Ask the Chief: Communication key to protecting rights
"Ask The Chief" allows readers access to useful information about law enforcement issues in Red Wing. This communication tool has been developed to enhance community policing efforts by providing residents and visitors with the opportunity to ask questions about local laws, programs and the department in general.
Submit your question to firstname.lastname@example.org.
Q: What do police officers do when you pull over someone who doesn't speak English?
A: Great question. In law enforcement it is essential to provide fair and consistent service to all members of our community, whether they speak English, a different language, or has a hearing impairment.
Effective communication is critical to the protection of individual's constitutional rights and personal safety of all involved. We also must be conscious of the sensitivities related to victim privacy, while maintaining transparency with our community.
The Red Wing Police Department has coordinated 24 hour, seven days a week access to Language Line. Language Line provides interpreting services through a Minnesota State contract, which is administered through Minnesota IT Services or MNIT. This program allows us access to over 240 different languages.
Most recently I utilized Language Line when I received a voicemail message in Spanish. I was able to record the message, contact Language Line, using my access code and requesting the language requiring interpretation. A person then came on the phone and listened to the message, providing me an interpretation.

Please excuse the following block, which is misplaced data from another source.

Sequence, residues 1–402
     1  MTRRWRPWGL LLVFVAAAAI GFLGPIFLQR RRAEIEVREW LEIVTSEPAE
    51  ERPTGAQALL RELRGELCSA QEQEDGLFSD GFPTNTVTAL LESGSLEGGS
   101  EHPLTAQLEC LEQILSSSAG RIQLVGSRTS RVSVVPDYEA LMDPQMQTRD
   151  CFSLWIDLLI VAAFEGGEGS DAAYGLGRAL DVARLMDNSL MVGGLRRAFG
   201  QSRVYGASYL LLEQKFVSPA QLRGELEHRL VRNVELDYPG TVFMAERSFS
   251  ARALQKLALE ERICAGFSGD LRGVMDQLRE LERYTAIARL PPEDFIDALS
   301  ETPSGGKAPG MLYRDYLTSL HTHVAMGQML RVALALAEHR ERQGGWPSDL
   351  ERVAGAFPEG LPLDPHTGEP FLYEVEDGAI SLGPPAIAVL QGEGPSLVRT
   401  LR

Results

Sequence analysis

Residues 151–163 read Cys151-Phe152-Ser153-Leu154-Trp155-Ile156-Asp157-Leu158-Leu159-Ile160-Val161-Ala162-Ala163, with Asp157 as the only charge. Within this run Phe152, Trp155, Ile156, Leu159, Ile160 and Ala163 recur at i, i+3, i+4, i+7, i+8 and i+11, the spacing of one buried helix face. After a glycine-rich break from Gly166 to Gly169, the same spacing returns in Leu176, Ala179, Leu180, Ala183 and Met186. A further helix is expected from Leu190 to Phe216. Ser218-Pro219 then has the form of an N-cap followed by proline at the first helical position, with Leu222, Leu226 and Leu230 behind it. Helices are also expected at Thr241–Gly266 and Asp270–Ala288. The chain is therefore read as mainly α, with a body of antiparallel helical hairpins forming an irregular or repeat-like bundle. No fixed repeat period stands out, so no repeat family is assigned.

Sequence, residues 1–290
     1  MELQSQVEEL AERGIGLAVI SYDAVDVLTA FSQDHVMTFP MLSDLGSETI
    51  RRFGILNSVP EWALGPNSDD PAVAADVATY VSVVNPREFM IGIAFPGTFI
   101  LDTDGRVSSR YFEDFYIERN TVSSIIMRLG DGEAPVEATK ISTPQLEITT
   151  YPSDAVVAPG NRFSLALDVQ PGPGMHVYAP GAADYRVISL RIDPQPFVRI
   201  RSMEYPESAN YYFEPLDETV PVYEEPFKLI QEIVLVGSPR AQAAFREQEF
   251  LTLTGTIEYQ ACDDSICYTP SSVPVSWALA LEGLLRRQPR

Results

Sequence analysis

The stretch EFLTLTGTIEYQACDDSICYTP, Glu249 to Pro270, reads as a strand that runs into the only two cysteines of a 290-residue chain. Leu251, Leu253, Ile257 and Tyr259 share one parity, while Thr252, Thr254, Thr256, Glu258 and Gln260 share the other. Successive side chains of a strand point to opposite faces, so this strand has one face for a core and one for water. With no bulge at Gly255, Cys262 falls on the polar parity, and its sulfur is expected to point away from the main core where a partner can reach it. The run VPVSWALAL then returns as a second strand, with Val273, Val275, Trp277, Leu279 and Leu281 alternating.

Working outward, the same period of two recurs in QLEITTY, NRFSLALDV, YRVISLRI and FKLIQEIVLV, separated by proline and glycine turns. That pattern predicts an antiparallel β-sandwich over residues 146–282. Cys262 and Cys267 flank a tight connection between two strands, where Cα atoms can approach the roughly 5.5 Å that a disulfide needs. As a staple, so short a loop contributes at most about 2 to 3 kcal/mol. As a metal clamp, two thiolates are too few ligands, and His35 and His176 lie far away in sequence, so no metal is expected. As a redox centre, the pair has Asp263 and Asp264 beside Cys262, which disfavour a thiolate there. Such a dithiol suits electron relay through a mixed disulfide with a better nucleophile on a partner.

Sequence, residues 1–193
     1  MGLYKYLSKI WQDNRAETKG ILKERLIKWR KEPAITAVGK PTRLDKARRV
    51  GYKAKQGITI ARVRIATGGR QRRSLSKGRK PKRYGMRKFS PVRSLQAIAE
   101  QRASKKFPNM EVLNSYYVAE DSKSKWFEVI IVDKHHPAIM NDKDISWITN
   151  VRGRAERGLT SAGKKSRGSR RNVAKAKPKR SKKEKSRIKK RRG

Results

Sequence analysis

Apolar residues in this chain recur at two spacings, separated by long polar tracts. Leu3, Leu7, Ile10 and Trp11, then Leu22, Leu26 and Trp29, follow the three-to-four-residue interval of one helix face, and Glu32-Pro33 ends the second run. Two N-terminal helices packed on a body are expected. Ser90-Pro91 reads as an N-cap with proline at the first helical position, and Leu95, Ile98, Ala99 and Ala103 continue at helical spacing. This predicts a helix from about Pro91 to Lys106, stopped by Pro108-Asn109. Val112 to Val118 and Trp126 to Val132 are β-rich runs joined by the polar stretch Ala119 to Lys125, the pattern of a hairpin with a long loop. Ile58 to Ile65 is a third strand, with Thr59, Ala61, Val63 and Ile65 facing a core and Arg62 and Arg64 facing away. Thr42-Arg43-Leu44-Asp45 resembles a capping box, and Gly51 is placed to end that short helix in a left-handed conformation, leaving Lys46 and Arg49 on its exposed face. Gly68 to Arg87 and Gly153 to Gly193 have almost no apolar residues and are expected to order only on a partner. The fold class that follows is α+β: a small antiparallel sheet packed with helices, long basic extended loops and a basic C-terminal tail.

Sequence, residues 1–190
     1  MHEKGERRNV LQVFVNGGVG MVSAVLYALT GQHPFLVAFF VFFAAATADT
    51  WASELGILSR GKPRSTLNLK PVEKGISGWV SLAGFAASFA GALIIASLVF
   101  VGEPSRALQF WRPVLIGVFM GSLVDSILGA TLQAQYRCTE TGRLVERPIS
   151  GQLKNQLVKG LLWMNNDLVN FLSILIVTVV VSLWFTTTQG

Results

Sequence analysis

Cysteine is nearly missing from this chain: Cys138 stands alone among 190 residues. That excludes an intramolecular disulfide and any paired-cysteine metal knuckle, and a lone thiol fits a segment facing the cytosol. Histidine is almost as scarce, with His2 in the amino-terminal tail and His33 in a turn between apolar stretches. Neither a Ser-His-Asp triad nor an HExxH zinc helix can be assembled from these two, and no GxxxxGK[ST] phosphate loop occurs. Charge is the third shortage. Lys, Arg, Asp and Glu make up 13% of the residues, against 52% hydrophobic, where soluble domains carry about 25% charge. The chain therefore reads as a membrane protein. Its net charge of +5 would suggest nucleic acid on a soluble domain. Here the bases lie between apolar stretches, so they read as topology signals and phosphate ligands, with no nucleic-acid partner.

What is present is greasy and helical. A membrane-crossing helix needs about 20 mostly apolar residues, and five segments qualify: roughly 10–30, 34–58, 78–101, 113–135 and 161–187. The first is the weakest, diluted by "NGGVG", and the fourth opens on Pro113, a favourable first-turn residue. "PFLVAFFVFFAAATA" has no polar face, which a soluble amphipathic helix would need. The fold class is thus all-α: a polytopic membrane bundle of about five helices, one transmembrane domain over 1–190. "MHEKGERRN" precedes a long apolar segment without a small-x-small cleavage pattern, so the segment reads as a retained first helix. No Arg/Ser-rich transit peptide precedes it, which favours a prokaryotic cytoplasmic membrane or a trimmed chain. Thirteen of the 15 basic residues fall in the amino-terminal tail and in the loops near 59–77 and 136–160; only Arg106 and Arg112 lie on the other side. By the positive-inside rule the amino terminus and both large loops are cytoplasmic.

This phone call also wanted a callback, so I was able to return the call while the interpreter was still on the line with me, thereby meeting the needs of our caller. Officers on patrol have the same availability, using the speaker function on their squad equipped cellular phones.
We have also experimented with interpreter apps on our smartphones, which can help in general contacts, they are still not as accurate as an actual interpreter. For situations that are planned in advance, RWPD has access to a list of interpreters that are vetted in advance for assisting with criminal (suspect, victim or witness) interviews if needed.
Lastly, RWPD has a policy that provides guidance in communicating with the hearing impaired, which also requires familiarity with "Communicating with People Who Are Deaf or Hard of Hearing: ADA Guide for Law Enforcement Officers."
1. Language Line, located online at: https://www.languageline.com/
2. Department of Justice publication, Communicating with People Who Are Deaf or Hard of Hearing: ADA Guide for Law Enforcement Officers. Located online at: https://www.ada.gov/lawenfcomm.htm